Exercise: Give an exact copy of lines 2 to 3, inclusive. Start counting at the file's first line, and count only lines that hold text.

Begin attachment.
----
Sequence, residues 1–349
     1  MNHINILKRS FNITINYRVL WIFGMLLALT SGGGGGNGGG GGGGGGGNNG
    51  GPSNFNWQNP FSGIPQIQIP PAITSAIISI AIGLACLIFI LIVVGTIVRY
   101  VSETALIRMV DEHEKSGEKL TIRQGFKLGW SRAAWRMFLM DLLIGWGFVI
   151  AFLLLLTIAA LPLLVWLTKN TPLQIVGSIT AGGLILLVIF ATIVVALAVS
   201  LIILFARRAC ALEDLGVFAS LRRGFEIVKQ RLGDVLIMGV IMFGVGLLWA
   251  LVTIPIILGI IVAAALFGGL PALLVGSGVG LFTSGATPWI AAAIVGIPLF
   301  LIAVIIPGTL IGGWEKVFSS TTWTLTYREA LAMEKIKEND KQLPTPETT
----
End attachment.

     1  MNHINILKRS FNITINYRVL WIFGMLLALT SGGGGGNGGG GGGGGGGNNG
    51  GPSNFNWQNP FSGIPQIQIP PAITSAIISI AIGLACLIFI LIVVGTIVRY